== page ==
vicarious desensitization. The photographs show
models interacting with snakes. To overcome their
own fears, phobic subjects observed the models.
(Bandura et al., 1969. Photos courtesy of Albert

Fig. 17.3 (left) Dr. Barbara Rothbaum and Dr.
Larry Hodges show how a virtual reality system is
used to expose people to feared stimuli. Many
patients say that they would rather face exposure
to feared stimuli in a virtual environment than
in a real physical environment. (right) A
computer image from a virtual elevator. Over an
8-week period, patients who suffered from
acrophobia rode in the elevator. Each session
took them to greater heights. (Image courtesy of
Larry Hodges, Thomas Meyer, and Rob Kooper.)

Operant Therapies
  • Eye Movement Desensitization and Reprocessing
    (EMDR) Reduces fear and anxiety by holding
    upsetting thoughts in your mind while rapidly
    moving your eyes from side to side
  • Further research needed

Operant Conditioning
  • Learning based on consequences of making a
  • Positive Reinforcement Responses that are
    followed by a reward tend to occur more
  • Nonreinforcement A response that is not followed
    by a reward will occur less frequently
  • Extinction If response is NOT followed by a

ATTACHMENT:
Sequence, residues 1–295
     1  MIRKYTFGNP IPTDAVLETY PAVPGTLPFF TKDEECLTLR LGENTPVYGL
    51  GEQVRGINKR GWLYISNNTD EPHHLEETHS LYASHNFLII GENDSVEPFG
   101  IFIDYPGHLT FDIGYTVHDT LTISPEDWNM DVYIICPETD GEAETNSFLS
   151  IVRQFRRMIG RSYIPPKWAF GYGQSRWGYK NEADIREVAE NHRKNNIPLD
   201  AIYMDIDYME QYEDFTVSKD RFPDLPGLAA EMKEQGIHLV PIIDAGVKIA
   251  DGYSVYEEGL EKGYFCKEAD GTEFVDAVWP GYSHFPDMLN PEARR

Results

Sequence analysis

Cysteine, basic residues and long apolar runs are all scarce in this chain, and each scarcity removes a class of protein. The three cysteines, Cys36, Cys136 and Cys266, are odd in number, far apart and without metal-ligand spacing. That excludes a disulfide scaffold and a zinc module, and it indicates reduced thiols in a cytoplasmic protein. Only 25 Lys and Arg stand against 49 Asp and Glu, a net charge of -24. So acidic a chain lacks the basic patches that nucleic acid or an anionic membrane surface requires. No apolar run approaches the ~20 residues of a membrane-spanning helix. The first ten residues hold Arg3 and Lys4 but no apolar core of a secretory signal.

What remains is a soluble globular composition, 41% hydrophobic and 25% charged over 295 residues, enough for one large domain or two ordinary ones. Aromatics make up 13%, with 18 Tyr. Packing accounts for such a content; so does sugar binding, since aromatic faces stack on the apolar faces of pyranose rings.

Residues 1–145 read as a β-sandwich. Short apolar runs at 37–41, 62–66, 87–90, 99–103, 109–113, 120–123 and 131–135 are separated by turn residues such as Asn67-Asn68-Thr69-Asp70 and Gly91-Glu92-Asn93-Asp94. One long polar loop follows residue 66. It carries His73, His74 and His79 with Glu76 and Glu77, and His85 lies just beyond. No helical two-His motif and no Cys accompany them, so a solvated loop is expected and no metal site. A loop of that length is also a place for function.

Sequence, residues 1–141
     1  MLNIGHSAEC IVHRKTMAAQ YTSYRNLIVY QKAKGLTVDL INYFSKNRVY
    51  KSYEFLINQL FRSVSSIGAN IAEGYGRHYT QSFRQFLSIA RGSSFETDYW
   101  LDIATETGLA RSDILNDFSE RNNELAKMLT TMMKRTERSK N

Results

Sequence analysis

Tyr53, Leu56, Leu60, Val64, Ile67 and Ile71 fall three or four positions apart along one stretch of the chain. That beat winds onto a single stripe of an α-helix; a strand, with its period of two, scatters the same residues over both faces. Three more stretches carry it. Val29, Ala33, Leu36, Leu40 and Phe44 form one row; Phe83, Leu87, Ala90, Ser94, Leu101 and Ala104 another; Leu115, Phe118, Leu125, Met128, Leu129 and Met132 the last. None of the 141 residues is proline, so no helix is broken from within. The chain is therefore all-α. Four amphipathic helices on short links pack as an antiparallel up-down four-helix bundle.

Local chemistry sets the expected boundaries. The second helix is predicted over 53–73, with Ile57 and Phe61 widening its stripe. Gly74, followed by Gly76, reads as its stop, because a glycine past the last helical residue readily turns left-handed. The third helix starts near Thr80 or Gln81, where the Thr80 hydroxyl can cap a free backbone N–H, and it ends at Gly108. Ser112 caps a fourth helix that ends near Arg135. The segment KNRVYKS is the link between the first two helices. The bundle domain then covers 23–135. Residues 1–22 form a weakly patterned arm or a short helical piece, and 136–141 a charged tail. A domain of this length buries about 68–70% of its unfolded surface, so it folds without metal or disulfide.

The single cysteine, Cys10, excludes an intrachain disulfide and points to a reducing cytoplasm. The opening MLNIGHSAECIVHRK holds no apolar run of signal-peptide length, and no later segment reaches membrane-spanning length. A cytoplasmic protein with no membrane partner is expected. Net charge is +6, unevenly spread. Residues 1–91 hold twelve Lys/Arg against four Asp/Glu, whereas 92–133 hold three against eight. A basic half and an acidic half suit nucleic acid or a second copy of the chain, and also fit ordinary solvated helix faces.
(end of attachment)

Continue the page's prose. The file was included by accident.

reward after it has been repeated many times, it
    will go away
  • Punishment If a response is followed by
    discomfort or an undesirable effect, the response
    will decrease/be suppressed (but not necessarily

More Operant Conditioning Techniques
  • Shaping Rewarding actions that are closer and
    closer approximations to a desired response
  • Stimulus Control Controlling responses in the
    situation in which they occur
  • Time Out Removing individual from a situation in
    which reinforcement occurs

Reinforcement and Token Economies
  • Tokens Symbolic rewards like poker chips or gold
    stars that can be exchanged for real rewards
  • Can be used to reinforce positive responses
  • Effective in psychiatric hospitals and sheltered
    care facilities
  • Target Behaviors Actions or other behaviors a